Laurence Maynier

Laurence Maynier © Fondation des Artistes

Laurence Maynier has spent a significant portion of her career at the Ministry of Culture, after completing her studies in literature and art. She initially joined the Delegation for Plastic Arts (DAP) in 1986. In 1996, she created the Department of Communication and External Relations at the École nationale supérieure des Beaux-Arts de Paris, which is responsible for cultural programming, exhibitions, communication, and sponsorship. In 2004, she was appointed Deputy Secretary General of the Manufacture Nationale de Sèvres, focusing particularly on the institutions’ relations with visual artists. With the establishment of the public institution Sèvres - Cité de la céramique, in 2010 she became responsible for the cultural development activities of the institution. Since April 2016, she has been the General Director of the Fondation des Artistes, a recognized non-profit private foundation with a mission to support visual artists throughout their careers.

Exploring Paris during this new edition of Paris Gallery Weekend is a wonderful opportunity to meet some of the women who lead and embody art galleries, and through them, bring a new perspective on contemporary creation and support artists.

These women always express a particular sensitivity, a strong sense of determination, and they operate as key actors in the art ecosystem, whose commitment I would like to acknowledge. Several of them have chosen to highlight women artists during Paris Gallery Weekend 2024, which is commendable.

Among all these gallery owners, I suggest you follow a route through 16 galleries in 3 neighborhoods, starting in the 8th arrondissement, not far from the headquarters of the Fondation des Artistes.

Françoise Livinec, who recently showcased the fascinating work of Marie Vassilieff, a figure dear to the heart of the Fondation des Artistes, now reveals the unique work of Clarence Guéna, who revisits and appropriates reproductions of ultra-famous works from popular culture. Then, head to Hélène Bailly to rediscover the freedom of movement of the Fauves, before heading to the Galerie Esther Schipper to rediscover Daniel Steegmann Mangrané, whose fascination with biology and botany remains undiminished.

Next, I suggest making a detour to Saint-Germain-des-Prés to discover, at the Galerie MiniMasterpiece, Esther de Beaucé’s selection of unpublished jewelry in polished or rusty steel, and driftwood by Jean Grisoni. At Galerie La Forest-Divonne, the paintings of the American Jeff Kowatch, all imbued with his inner world, are placed in an unexpected dialogue with a 17th-century painting by Pier Francesco Cittadini. Nearby, at the Galerie Berthet-Aittouarès, come and discover the imposing sculptures of Daniel Pontoreau, who plays with the physical space of the gallery.

In the following, our path leads us to the Marais, where a lot of galleries are situated. At the Galerie Nathalie Obadia, you will appreciate the photographs and films by Laura Henno made in the Comoros, which reflect the complexity of its island territories as well as the local tensions that are present. Five portraits from Valérie Belin’s Lady Stardust series, embodying fashion icons or pop stars, are also on display. At the Galerie Anne-Sarah Bénichou, discover the recent photographs by Laurent Montaron taken in Greece and Turkey, to be found later at the Rencontres d’Arles.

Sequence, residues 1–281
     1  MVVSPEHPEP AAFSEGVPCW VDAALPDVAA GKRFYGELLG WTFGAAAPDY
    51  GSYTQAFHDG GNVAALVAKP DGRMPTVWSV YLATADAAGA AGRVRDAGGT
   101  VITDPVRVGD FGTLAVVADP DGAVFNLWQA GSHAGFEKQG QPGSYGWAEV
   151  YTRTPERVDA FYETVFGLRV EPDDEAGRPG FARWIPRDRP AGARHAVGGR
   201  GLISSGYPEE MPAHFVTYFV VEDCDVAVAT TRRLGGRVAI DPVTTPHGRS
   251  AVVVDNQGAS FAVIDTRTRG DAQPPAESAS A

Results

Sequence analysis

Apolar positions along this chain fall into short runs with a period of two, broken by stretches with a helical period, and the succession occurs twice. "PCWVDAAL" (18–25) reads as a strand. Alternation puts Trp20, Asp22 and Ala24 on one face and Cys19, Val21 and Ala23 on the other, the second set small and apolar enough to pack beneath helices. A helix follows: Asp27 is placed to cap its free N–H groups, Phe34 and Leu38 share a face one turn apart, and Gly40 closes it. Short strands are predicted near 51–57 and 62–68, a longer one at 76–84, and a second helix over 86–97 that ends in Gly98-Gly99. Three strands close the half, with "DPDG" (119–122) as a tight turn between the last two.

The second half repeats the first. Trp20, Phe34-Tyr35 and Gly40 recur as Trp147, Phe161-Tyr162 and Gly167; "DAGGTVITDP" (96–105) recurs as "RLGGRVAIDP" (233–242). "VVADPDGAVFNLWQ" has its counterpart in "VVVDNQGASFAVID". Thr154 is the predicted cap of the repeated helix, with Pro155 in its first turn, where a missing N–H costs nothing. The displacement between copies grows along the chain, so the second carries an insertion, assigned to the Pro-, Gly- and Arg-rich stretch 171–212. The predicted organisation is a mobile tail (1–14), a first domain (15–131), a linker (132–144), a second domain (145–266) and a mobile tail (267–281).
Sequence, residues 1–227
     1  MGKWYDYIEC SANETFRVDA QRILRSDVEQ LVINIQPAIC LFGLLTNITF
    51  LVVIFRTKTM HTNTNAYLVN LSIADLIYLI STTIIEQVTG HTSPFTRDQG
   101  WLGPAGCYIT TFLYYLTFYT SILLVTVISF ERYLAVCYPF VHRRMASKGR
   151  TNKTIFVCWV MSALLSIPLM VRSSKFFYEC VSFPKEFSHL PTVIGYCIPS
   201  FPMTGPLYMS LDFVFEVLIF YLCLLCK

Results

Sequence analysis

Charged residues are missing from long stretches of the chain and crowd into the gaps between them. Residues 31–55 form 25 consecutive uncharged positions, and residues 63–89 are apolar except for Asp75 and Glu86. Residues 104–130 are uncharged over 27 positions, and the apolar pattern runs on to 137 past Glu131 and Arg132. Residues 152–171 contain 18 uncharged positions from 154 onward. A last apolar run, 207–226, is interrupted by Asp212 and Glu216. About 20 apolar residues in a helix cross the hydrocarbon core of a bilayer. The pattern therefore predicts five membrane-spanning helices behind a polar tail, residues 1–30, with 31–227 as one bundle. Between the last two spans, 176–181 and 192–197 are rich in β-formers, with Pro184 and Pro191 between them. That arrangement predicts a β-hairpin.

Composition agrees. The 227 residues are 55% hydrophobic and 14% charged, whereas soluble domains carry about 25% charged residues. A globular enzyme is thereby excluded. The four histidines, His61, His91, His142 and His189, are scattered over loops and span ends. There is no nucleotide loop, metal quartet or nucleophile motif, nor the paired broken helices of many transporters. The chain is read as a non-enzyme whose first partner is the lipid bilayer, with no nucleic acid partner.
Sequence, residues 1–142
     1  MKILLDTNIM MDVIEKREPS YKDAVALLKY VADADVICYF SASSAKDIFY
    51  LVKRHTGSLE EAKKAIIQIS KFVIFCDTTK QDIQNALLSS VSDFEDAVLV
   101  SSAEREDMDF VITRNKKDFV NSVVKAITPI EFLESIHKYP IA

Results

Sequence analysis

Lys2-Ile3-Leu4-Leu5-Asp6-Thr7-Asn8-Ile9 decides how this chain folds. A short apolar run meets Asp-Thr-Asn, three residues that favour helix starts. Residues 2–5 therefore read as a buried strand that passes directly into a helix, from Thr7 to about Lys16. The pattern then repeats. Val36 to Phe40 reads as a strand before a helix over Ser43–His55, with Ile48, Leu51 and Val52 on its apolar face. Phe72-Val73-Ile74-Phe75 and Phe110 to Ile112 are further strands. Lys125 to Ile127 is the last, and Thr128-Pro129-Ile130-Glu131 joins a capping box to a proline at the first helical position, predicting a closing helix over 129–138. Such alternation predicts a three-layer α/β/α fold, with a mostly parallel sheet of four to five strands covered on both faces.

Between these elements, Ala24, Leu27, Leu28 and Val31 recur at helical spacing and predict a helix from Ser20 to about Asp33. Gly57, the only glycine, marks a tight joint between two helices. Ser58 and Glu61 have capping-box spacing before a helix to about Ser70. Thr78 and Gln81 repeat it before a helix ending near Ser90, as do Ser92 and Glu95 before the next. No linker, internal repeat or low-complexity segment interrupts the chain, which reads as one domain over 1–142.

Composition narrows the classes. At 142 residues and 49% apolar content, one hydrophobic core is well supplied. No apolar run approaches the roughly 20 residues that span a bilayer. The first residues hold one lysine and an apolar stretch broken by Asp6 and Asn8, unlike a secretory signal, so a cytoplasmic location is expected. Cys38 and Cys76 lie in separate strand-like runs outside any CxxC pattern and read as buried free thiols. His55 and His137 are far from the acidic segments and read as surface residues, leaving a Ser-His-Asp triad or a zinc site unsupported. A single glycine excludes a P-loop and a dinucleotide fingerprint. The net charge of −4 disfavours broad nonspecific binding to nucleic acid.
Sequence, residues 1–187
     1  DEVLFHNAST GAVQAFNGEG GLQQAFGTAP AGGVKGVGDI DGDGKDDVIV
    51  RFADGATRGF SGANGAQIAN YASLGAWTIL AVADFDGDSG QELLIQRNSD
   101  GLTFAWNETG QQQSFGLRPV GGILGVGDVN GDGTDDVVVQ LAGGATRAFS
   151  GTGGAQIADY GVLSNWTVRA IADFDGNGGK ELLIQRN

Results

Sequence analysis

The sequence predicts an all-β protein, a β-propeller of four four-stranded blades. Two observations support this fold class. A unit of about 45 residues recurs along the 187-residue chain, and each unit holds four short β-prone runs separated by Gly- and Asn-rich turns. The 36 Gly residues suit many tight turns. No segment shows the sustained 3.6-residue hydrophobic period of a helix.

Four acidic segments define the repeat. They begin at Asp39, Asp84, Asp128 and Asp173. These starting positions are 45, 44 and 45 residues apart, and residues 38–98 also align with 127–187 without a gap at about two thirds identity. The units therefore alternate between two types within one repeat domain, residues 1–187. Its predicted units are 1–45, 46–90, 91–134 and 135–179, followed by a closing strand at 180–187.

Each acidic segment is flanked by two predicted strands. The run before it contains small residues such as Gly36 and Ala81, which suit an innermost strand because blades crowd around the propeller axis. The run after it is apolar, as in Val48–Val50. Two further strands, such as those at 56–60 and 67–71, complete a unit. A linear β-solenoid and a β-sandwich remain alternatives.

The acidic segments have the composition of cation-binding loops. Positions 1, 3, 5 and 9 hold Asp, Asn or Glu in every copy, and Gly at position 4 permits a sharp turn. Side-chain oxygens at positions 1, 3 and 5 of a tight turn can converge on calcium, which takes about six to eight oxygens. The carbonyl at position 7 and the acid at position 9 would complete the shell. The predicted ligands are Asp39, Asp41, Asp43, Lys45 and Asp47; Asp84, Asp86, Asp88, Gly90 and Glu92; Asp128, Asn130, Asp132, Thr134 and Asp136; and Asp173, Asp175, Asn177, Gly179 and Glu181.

At the Galerie Papillon, don’t miss Sabrina Vitali’s exhibition, which speaks of alchemy and metamorphosis, as well as the carte blanche offered to friends Colette Barbier and Claudine Papillon, who propose a collective display on the gallery’s upper floor. Galerie Anne-Laure Buffard presents Sel noir, a solo-show by Ilanit Illouz, an experimental photographer whom we know well at the Fondation des Artistes. Her particularly sensitive quest for traces of life in distant territories still touches me deeply. Anne Barrault presents Vimala Pons, this time through small videos from commercial image banks, whose vacuity is emphasized, allowing her to criticize our consumerist society. At the Galerie Jeanne-Bucher Jaeger, Véronique Jaeger has chosen to highlight the commitment of water and wind sculptor Susumu Shingu. Centered around the perpetual motions created by natural forces, a theme which largely animates his work, the exhibition presents drawings, paintings, sculptures, and models of his impressive projects in urban spaces. I suggest continuing the visit at Galerie Maria Lund, to discover the paintings of Didier Boussarie, who is inspired by a pond in Loiret, as he seeks to capture all its subtle nuances. After observing and reflecting on the creations of Levi Van Veluw at Galerie Les Filles du Calvaire, you can continue your visit in the gallery’s second location by questioning the mechanisms of seduction and of religious representation. The pictorial dialogue between Katinka Lampe & Janine van Oene is to be appreciated in their gallery on rue Chapon.

Above all, do not miss Galerie Chloé Salgado, which presents the latest creations of Camille Benarab-Lopez, who followed in the footsteps of Joyce Carol Oates’ novel We Were the Mulvaneys near New York, whose production the Fondation des Artistes had the pleasure of supporting. 

And when mentioning galleries owned and run by women, it is imperative to go to the Galerie Suzanne Tarasiève, whose team successfully perpetuates the spirit of the gallery and offers a set of paintings and photos, sensual and offbeat, by Jürgen Klauke.